Individual freedom versus the hidden persuaders
Many policy experts support socially engineered nudging, that is, have governments use a set subtle behavior reward algorithms to control people’s behavior for socially desirable outcomes. Yet the utilitarian attractiveness of such an undertaking obscures the implications for individual freedom and human choice. Cultivated among others by Richard Thaler and Cass Sunstein, the idea of nudging is often seen as a way to produce positive social outcomes without the reliance on formal regulations and policing. Yet the fact that the process is often below the level of clear observability by the people being nudged raises important questions about the role of manipulation and, even more, potentially morally compromised governmental authority. Beyond the immediate philosophical and free will implications are the questions concerning what would happen when these techniques are taken to an extreme. There are many questions about the cost of dissent in today’s society as measured in ruined lives of those who fell out with social media activists. We must ask what it means to allow oneself to be “nudged” “for one’s own good”, i.e., how one is allowing oneself to be shaped by “soft” governmental and other programs. The implications for democratic practices, not to mention individual choices, are obvious.
Human Community and Perpetual Contact
This Invitational Expert Panel on April 10th investigates the future of perpetual contact from a humanities, philosophical and social scientific perspective. Questions include: How does the increased prevalence of algorithmically-informed communication technologies influence us as humans? How do we share and receive information in the smart home? What are the implications for social and domestic relationships? What role should philosophy and other humanistic disciplines play in understanding these phenomena? Expert scholars will contribute to a lively discussion, interrogating implications of our current algorithmic culture.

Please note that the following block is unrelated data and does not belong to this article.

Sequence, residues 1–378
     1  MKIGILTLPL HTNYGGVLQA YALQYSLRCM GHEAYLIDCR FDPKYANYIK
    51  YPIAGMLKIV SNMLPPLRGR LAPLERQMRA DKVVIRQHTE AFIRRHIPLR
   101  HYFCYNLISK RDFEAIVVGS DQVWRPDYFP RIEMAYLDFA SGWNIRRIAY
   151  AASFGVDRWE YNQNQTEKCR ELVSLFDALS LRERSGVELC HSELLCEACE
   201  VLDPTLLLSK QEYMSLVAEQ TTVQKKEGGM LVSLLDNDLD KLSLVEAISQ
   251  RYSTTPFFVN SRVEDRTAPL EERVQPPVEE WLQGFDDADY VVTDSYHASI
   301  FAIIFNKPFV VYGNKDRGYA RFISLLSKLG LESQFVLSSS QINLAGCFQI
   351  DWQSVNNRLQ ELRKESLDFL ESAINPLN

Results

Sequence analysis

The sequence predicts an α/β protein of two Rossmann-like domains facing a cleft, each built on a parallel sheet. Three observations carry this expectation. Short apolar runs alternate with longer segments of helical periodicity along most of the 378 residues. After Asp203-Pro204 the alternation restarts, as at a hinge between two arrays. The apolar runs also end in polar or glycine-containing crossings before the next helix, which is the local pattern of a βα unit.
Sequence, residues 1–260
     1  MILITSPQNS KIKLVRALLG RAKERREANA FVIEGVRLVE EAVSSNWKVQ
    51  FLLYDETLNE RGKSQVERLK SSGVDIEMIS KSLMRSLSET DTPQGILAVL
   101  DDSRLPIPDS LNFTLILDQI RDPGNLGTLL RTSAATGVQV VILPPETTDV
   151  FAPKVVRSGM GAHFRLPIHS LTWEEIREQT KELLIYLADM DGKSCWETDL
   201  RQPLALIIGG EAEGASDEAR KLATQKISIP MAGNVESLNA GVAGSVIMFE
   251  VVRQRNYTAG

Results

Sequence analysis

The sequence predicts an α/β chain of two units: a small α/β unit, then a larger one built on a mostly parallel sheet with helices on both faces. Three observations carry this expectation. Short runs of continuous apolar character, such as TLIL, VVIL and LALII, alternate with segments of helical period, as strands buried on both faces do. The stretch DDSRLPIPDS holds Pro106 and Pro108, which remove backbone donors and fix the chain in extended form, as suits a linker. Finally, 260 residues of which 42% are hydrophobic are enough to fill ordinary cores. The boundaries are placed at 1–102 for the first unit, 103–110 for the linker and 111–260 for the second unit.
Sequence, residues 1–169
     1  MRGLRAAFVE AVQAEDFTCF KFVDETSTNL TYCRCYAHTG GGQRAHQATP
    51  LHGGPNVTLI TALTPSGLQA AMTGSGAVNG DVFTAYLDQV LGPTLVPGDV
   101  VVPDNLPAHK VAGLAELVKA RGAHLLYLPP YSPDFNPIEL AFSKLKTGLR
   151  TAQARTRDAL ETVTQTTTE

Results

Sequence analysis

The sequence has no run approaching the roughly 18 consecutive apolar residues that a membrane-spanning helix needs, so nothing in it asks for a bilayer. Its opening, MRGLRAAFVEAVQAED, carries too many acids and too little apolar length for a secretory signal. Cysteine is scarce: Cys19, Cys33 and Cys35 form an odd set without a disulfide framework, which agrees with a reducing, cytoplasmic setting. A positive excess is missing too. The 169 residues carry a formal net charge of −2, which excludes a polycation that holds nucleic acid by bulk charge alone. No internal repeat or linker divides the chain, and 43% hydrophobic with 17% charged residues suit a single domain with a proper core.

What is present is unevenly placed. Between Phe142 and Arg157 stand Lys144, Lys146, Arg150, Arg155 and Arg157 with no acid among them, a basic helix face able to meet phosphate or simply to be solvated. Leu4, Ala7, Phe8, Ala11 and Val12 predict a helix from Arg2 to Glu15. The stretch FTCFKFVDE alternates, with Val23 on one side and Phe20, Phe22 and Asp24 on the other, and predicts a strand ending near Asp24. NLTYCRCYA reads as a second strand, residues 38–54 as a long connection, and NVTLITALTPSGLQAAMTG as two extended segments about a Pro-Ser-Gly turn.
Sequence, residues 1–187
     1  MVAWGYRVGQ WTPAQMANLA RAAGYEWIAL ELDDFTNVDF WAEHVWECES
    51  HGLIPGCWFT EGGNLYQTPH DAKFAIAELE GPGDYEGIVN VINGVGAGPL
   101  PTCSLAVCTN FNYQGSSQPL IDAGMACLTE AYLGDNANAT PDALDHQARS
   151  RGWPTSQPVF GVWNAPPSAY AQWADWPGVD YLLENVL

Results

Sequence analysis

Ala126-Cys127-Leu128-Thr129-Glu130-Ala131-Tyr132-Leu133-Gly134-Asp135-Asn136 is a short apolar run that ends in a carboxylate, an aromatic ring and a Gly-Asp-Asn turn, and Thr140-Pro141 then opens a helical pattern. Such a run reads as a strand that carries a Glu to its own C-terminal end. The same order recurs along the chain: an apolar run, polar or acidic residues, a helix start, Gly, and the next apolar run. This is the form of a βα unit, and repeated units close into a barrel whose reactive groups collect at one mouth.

Should Robots Be Our Friends
Robots and other artificial intelligence (AI) entities have long tempted people to treat them as if they were alive, human-like, or even had souls (Katz, 2003). This topic is now front and center as people increasingly welcome AI and robots into their lives as conversational partners, servants, and companions. More, the concept of artificial intelligence has served as a catalyst for artists, philosophers, mathematicians, and psychologists to examine the defining characteristics of consciousness and what it means to be human, such as Hobbes (1651), Turing (1950), and Searle (1980).